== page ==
By Lauren Samuel www.birthbotanica.com
While there should be absolutely no judgment over what type of birth you prefer or require, it’s worth considering the natural tools that can help you avoid preventable birth interventions.@avivaromm
It can feel like there is a lot of judgement or standards around how we birth as women. First and Foremost, we say, our babies should be healthy. And yet, there is the very real journey of us as women, how we will react to the pain and tolerate the unknown length of time, how we birth our feelings of entering one end of a ritual as a woman and the other end as a mother (if this is our first time,) or how we will adjust to the demands of multiple children. There can be added pressures of existing health conditions, how our health care providers will respond, whether we will be allowed to birth as we want or feel supported in those decisions. Where the boundary is between what we wish for and what we might medically need, as opposed to the convenience of the health care providers that so often comes up today in a medicalized birth setting. So many variables, and yet, our bodies have been birthing since time immemorial, and as my midwife said to me, “If we just get out of our own way…” our bodies know how to birth.
Even so, preparation is needed to help support our bodies physically and emotionally to create good conditions for birth. Ultimately, the wisdom of herbal medicine for birth lies in nourishing the mother and supporting our own natural systems to function at their best. This means a healthy diet, good rest and sleep, regular exercise, hydration and relaxation on a physical level.
On a mental and emotional level, it means gathering information about your local birth resources, insurance, how your hospital responds to birth if you plan to birth in a hospital, taking a tour there to know the layout and what to expect from them, making a birth plan and making copies for your partner, health care providers including doctors, midwives, doulas and nurses.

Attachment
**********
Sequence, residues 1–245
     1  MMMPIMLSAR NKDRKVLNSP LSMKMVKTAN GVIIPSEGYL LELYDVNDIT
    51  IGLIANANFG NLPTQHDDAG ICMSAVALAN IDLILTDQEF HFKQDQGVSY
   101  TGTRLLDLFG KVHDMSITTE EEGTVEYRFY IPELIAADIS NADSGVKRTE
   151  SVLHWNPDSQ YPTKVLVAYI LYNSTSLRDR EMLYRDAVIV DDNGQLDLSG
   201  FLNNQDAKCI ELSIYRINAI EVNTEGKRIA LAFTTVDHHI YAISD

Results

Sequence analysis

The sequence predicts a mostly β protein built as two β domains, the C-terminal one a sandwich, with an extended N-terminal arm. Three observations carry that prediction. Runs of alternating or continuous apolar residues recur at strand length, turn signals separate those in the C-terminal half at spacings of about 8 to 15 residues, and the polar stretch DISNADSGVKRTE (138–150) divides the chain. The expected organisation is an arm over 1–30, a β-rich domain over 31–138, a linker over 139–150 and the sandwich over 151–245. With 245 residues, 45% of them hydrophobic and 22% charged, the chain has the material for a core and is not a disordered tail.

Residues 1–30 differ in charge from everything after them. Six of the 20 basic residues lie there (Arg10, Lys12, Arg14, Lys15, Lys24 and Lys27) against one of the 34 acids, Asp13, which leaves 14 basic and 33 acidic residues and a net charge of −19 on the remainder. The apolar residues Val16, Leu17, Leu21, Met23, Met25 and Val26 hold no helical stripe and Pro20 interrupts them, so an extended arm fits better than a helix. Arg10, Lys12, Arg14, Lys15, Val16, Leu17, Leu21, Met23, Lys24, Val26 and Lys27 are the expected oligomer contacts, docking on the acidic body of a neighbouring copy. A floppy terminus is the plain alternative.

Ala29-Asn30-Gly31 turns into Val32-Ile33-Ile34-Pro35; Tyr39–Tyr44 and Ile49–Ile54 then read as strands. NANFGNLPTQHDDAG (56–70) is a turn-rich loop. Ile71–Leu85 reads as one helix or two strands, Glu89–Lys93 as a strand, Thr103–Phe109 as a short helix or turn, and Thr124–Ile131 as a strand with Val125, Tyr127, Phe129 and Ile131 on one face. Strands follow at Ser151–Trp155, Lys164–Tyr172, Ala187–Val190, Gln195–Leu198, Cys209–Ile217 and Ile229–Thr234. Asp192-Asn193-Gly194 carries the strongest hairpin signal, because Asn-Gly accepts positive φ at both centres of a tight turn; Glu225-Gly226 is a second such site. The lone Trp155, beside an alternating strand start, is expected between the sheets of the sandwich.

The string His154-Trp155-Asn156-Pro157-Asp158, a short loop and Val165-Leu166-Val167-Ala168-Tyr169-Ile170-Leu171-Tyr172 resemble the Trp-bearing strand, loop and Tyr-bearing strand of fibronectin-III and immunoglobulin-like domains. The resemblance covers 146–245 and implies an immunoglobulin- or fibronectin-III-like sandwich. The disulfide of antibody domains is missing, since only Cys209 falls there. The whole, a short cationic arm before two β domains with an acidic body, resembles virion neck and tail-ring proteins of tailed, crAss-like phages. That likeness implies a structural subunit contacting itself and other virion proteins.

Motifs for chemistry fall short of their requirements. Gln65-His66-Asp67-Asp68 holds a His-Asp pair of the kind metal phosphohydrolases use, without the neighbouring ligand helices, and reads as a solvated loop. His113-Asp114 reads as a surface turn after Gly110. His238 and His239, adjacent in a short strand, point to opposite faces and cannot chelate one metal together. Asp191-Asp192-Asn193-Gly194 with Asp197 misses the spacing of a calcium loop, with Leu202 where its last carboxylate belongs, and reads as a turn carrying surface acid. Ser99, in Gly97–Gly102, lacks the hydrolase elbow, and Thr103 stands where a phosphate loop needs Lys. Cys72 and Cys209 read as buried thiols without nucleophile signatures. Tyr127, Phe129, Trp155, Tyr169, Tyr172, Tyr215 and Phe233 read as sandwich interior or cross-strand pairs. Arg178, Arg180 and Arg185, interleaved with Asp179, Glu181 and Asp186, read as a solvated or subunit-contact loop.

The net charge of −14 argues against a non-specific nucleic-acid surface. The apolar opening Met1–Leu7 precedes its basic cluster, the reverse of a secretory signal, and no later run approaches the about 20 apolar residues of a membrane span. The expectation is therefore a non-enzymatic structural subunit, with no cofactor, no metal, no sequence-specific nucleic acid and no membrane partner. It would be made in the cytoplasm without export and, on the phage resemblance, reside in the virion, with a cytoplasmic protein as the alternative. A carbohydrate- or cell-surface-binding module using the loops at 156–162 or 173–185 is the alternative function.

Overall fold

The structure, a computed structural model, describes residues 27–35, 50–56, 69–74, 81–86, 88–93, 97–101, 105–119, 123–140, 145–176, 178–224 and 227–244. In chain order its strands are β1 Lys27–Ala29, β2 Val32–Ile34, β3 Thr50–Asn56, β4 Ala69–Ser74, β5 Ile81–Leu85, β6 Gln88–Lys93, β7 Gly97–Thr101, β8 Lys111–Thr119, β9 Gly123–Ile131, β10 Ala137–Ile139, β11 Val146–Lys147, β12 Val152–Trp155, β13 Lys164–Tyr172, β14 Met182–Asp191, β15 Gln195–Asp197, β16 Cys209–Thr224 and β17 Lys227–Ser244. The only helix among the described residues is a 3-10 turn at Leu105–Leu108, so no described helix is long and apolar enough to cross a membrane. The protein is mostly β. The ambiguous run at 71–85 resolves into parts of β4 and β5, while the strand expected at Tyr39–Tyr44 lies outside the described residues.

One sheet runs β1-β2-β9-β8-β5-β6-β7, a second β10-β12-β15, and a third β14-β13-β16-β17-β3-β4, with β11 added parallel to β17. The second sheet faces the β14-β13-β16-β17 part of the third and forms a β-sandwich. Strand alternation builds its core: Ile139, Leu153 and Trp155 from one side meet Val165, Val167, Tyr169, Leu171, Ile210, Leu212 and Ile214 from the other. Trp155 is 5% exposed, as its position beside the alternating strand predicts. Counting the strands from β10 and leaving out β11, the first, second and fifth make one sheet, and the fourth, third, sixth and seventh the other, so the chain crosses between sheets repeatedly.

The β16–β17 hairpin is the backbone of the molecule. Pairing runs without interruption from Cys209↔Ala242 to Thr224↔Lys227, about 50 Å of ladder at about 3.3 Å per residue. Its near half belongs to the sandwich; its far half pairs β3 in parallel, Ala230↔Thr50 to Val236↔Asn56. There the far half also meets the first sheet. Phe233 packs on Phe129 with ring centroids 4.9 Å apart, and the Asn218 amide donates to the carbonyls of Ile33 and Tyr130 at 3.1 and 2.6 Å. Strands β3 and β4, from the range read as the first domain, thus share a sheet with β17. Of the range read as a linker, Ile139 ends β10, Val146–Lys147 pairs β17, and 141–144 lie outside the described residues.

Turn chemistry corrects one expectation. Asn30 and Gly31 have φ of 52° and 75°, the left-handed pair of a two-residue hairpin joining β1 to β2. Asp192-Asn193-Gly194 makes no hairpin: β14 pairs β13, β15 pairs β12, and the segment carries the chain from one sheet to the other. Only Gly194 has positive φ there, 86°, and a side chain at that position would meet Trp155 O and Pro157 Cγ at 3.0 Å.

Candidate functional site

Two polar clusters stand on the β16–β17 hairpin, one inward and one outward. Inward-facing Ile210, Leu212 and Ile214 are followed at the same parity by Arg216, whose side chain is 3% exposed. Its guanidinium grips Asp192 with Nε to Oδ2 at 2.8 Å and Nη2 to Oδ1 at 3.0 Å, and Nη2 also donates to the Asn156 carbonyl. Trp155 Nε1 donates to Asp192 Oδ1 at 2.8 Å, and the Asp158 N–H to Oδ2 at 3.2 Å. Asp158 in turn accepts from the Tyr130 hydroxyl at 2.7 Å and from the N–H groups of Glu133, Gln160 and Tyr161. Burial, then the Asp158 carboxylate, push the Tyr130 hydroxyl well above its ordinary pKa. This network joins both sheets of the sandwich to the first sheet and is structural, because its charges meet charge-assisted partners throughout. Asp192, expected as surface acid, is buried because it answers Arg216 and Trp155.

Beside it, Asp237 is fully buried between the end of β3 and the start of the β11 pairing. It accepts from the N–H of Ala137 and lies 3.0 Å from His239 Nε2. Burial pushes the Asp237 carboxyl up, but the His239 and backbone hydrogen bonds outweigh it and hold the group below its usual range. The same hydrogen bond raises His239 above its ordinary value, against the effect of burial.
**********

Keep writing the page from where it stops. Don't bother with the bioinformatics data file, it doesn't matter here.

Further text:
Make a plan for how you might cope during the intensity of labour. If you are considering a homebirth, hospital birth or birth centre, it is useful to go over different positions that can help during labour, different pressure applied to your lower back to ease sensation, or learning which herbs and homeopathic medicines may be helpful at different points. It can be a great source of support and comfort to have a doula or midwife that knows about herbal medicine and can help ‘mother the mother’ as she transitions through this major life event. Outsourcing different comfort measures and making a plan allows for the birthing woman to feel supported, and at ease as she goes through the terrain of deepening contractions, so she can sink into deep body realms and to know that she will be met on the way, without having to micromanage details.
Helpful Herbs during the last 6 weeks
Certain herbs and foods are ‘partus preparators’ which means they tone and prepare the womb for delivery. These include Red Raspberry Leaf (RRL), which you can take in a tea blend from the second trimester onwards.
While RRL doesn’t actually appear to be very effective at stimulating or shortening labor, research has found that drinking RRL tea or taking capsules can have a number of benefits. The results of a double-blind, randomized, placebo-controlled trial consisting of 192 low-risk, first-time moms found that RRL tablets, taken daily starting at 32 weeks’ pregnancy until labor, reduced the rate of forceps deliveries while another study found that raspberry leaf was associated with:
Decreased likelihood of preterm labor
Decreased likelihood of going too far past your due date